Fireball & the explosive malware heard around the world

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When is adware not just adware? When it’s also malware, of course!

Fireball, a new threat out of China, created by marketing firm Rafotech, is just one such example of a threat that is one part adware and one part malware. Together, these two parts pack quite a wallop, one which has infected over 250 million computer users in the last month alone.

Fireball, discovered by security firm Check Point, is making its way onto systems via software bundling. Bundling is what happens when unwanted software is pushed to users via downloads of wanted software. Using some legal loopholes and a lot of fancy footwork, these distributors manage to stay just on the right side of the law. The thing is that the wares they pedal are typically unwanted by the recipient, hence their name around the industry is a “Potentially Unwanted Program”, or PUP for short.

PUPs can range from relatively benign programs to annoying ad distribution software to truly destructive malware. In Fireball, researchers have noted the delivery of both annoying the adware as well as the more dangerous malware. Researchers have been able to pinpoint some of the programs that Fireball came with, including Soso Desktop and FVP Image viewer, which are relatively common programs in China. But since a very significant number of infections have been found on non-Chinese computers that likely have not come into contact with these Chinese programs, it’s hard to pinpoint just how these machines became infected. At the moment, researchers are placing their bets on elaborate phishing scams or on a yet-discovered stealthy exploit.

What Fireball Does

In its current format, Fireball is a browser hijacker that has the ability to switch the unlucky victim’s home page to a rogue one that will then direct the user to certain websites and search engines. These websites are filled with ads that make money for Rafotech each time a user clicks one of them. What’s more, the search engines place tracking pixels on the user’s browser to collect information, which essentially spies on them.

The most disturbing part? According to Check Point, Fireball is capable of executing any code on any machine once it has infiltrated. This means that while Fireball may not be doing anything malicious at the moment, it has the ability to switch gears on a dime and begin executing highly dangerous code.

At the moment Fireball is most prevalent in India, with 25 million infected machines, 24 million infected machines in Brazil and 61 million hits in Mexico. It has infiltrated enterprise machines as well as personal computers and seems to still be spreading.

Adware Gone Rogue

This isn’t the first time adware has walked that thin line between annoying and evil, only to wind up on the evil side. Last year’s Faster Internet and 2015’s Vonteera proved that a trojanized piece of adware can do plenty of harm. Faster Internet may have started out life as a mere tool for ad distribution, but eventually, it began taking snapshots of users’ computers and phoned that information home to unknown parties. Vonteera had been around for quite a while before it began disabling legitimate antimalware products so that it could do its dirty work uninterrupted.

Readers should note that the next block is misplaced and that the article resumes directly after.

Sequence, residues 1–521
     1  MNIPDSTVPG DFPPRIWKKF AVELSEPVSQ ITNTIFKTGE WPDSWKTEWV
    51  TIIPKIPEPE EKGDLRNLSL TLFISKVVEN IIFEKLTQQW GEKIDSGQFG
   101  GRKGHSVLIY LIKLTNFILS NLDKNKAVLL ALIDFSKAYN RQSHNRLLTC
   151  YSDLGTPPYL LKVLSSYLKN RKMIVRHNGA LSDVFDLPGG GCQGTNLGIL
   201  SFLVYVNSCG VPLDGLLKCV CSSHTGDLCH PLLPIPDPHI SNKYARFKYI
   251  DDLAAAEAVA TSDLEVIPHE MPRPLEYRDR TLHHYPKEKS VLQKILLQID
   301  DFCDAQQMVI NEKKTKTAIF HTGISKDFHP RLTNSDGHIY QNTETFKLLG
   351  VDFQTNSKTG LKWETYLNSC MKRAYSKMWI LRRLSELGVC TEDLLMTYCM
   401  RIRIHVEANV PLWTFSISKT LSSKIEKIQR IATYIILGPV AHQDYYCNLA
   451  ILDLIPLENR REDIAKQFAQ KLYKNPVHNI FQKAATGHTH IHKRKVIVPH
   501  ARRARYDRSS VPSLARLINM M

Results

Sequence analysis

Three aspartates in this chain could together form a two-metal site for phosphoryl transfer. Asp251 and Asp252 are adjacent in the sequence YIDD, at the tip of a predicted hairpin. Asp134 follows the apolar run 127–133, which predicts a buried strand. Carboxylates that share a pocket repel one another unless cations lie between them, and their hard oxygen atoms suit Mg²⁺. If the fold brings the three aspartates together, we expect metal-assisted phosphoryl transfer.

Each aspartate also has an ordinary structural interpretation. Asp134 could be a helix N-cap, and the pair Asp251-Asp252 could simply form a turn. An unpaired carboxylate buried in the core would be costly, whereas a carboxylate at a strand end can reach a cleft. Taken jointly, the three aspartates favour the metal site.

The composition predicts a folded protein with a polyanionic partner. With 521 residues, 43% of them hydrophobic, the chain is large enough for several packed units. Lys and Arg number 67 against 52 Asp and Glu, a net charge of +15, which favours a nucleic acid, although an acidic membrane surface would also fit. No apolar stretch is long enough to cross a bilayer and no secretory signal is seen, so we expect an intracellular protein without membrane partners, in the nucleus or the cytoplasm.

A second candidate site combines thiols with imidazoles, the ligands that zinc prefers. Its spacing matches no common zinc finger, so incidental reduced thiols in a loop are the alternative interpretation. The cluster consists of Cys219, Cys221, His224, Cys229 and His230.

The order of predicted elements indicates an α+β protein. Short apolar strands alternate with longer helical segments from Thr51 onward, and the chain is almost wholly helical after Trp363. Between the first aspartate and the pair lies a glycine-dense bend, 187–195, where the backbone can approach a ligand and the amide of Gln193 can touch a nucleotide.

As bad as these variants were, they didn’t have nearly the strength that Fireball has. Having reached over a quarter of a billion computers in a matter of days (that’s one out of every five computers; good luck trying to wrap your head around that one), coupled with the fact that it can basically do anything it darn well pleases once on a machine, Fireball makes most other exploits look childish in comparison.

So how will you know if you have been hit with Fireball? If you’re in India, Brazil or Mexico, there is a pretty significant chance that you may already be compromised. Otherwise, it seems like the odds are on your side. Either way, the signs of infection to watch for are the same:

  • Your homepage has been changed to a different one without your consent or knowledge
  • You are forced into using a different search than you normally do and it can not be overridden in your settings
  • You have new browser extensions that you didn’t install

If any of these sound familiar, there is a decent chance that Fireball is the culprit.
Removal of Fireball is similar to any other threat, with the notable difference that the program conceals itself very well, which may make it difficult to locate. To get rid of it for good, run a scan with a malware scanner like RAV Endpoint Protection which will locate it and remove the threat.

The most effective ways to keep things like Fireball and other exploits from infiltrating?

  • Be incredibly careful when downloading software
  • Stay away from freeware as much as possible
  • When you do install new software, read each frame of the installer as it runs to ensure you understand what’s taking place on your machine
  • Make sure to choose the “custom install” option when installing new programs. The “express install” option can fill your computer with tons of PUPs.

Aside, the Unchecky feature that’s built-in to RCS prevents unwanted software from being installed to keep you even more secure. Fireball isn’t your typical attack and quite honestly, that in and of itself should be discomforting. Attackers are experts at changing their game on a dime and Fireball represents the kind of ingenuity today’s hackers are using to get what they want – i.e. your, and the rest of the world’s, data.